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This Week in Content Marketing: Is the Social Media Phase Over?


PNR: This Old Marketing with Joe Pulizzi and Robert Rose can be found on both iTunes and Stitcher.

In this week’s episode, Robert and I discuss and dissect nine marketing and advertising trends reported by The Wall Street Journal (WSJ), and why Fred Wilson believes the innovation in social media is dead. In addition, we discuss subscriber burn on YouTube, Forbes magazine’s decision to sell a second cover to AT&T, and what authenticity really means. Rants and raves include the clever #MAYHEMSALE from Allstate and an inside look at Marriott’s innovative content marketing strategy. We wrap up the show with a #ThisOldMarketing example from Johnson & Johnson.

This week’s show

(Recorded live on January 5, 2015; Length: 58:31)

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1. Content Marketing in the News

  • 9 Big Questions Hovering Over Marketing and Advertising (8:26): The CMO Today blog at The Wall Street Journal ponders what will happen to broadcast media and online marketing and advertising in the new year. Robert and I share our reaction to the predictions and share our takes on nine trends. The conclusion? We’re going to see another year of disruptions and acquisitions driven in part by evolving consumer information consumption habits.
  • Fred Wilson says the Social Media Phase of the Internet is Over (20:45): Fred Wilson, the world’s leading venture capitalist focused on social media, says it’s now a mature product category where very little innovation is taking place. Despite the rapid growth of social media during the last seven to eight years, Robert and I believe marketers are lagging behind. We agree that they must get smarter, faster on strategically employing these technologies to enhance the effectiveness of their marketing initiatives. Continuing with the “social media is dead” theme, check out the video below.
  • The Secrets Behind “YouTube Is Broken” (27:00): Matthew Patrick, author of the popular YouTube show Game Theory, explains how the video channel’s evolving algorithm is affecting content creators. Consistent engagement (greater watch time) is rewarded with greater visibility, “MatPat” points out. The reverse is equally true, which means uploading video content more frequently isn’t necessarily better. Robert and I discuss the biggest problem with YouTube’s subscription model, and one approach that could make it much more useful.

  • Quenching Consumers’ Thirst for Authentic Brands via Storytelling (38:45): Consumers love authentic products with stories that speak to handmade quality and timeless values, and reveal a brand’s rich character. Storytelling is an increasingly important element in cultivating a “real” brand that resonates with consumers, reports a recent article in The New York Times. Robert explains why he has a problem with the term “authenticity” and why storytelling is an effective strategy for companies of any size.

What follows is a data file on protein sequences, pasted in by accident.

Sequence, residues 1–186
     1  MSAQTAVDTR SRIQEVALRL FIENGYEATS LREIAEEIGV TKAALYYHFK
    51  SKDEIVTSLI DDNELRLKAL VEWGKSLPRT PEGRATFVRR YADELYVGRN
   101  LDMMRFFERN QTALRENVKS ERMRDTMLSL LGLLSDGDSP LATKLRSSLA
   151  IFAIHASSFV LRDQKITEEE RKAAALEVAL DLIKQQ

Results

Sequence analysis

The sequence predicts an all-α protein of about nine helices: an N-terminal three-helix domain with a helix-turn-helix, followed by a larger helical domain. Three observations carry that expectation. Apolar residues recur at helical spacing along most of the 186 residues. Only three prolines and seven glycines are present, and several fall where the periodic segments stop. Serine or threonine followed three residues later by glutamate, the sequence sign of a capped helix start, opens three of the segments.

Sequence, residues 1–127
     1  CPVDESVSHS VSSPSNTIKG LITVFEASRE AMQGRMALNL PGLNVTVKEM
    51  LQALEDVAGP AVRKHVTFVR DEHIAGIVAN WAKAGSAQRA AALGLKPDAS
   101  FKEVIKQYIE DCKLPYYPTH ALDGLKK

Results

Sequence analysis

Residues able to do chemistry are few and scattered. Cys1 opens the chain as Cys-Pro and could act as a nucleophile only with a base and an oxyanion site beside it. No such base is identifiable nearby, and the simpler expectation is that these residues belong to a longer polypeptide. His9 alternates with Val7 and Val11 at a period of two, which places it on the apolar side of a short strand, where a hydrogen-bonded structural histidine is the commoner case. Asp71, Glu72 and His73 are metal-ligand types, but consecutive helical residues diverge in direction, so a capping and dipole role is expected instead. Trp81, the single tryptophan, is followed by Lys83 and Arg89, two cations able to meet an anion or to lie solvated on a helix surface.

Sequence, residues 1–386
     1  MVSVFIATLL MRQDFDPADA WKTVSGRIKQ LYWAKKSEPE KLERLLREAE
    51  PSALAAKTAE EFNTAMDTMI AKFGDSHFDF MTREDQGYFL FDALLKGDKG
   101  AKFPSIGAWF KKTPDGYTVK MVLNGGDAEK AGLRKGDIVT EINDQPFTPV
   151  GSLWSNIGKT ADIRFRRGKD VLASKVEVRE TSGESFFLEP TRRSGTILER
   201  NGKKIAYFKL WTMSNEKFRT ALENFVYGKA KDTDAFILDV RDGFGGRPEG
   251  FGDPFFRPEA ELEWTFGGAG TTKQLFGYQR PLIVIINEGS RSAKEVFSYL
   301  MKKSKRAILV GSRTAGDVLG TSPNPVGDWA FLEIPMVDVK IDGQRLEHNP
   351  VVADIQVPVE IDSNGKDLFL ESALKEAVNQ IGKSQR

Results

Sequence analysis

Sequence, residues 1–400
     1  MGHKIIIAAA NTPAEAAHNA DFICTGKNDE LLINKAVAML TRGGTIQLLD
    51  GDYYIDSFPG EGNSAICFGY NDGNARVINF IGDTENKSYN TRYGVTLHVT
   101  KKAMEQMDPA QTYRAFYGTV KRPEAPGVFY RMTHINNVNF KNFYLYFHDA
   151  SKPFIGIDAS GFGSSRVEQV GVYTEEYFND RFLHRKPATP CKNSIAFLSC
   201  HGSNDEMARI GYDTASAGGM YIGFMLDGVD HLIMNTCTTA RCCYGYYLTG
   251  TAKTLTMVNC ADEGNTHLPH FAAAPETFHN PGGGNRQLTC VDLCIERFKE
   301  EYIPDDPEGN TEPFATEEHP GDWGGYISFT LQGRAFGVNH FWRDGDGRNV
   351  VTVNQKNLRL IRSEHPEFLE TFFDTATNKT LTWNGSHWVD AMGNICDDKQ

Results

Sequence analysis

2. Sponsor (44:42)

  • This Old Marketing is sponsored by Acrolinx. The Acrolinx platform helps the world’s most recognized brands create more engaging, more readable, and more enjoyable content. (Most people don’t even know software like this exists.) Their new eBook called Speak with One Voice answers critical questions about how you can make your content stand out and how to create a unique advantage in the content economy. You can register for it at


3. Rants and Raves (46:26)

  • Joe’s Rave and Rant: During the Sugar Bowl football game on New Year’s Day, Allstate Insurance debuted an episodic series of TV ads that draws attention to the dangers of oversharing on social media. It featured a husband and wife whose home was broken into by the Mayhem Guy; he then sold their items on a website called Kudos to Allstate for a very clever concept, but I think they missed a huge opportunity to get even more value from it.
  • Robert’s Rave: In this video from the Skift Global Forum, Marriott’s global marketing officer, Karin Timpone, explains the strategy behind its new content marketing initiative, which features a centralized, omnimedia approach to communications. She also talks about the central role of storytelling in cultivating customer relationships for each of Marriott’s 18 brands. This 17-minute video is required watching for content marketers, Robert advises.

4. This Old Marketing Example of the Week (53:50)

  • Johnson & Johnson: It’s been widely reported by many blogs that the oldest known example of content marketing is John Deere’s newsletter, The Furrow. But Derek Halpern, author of the Social Triggers blog, has found one even older from consumer products company Johnson & Johnson. According to the book Crazy Rich: Power, Scandal and Tragedy Inside the Johnson & Johnson Dynasty, the company launched a publication called Modern Methods of Antiseptic Wound Treatment in 1888. It was aimed at the needs of doctors, to whom it sold bandages. The company also launched two publications known as Red Cross Notes and Red Cross Messenger to share helpful articles with the medical community.


For a full list of PNR archives, go to the main This Old Marketing page.

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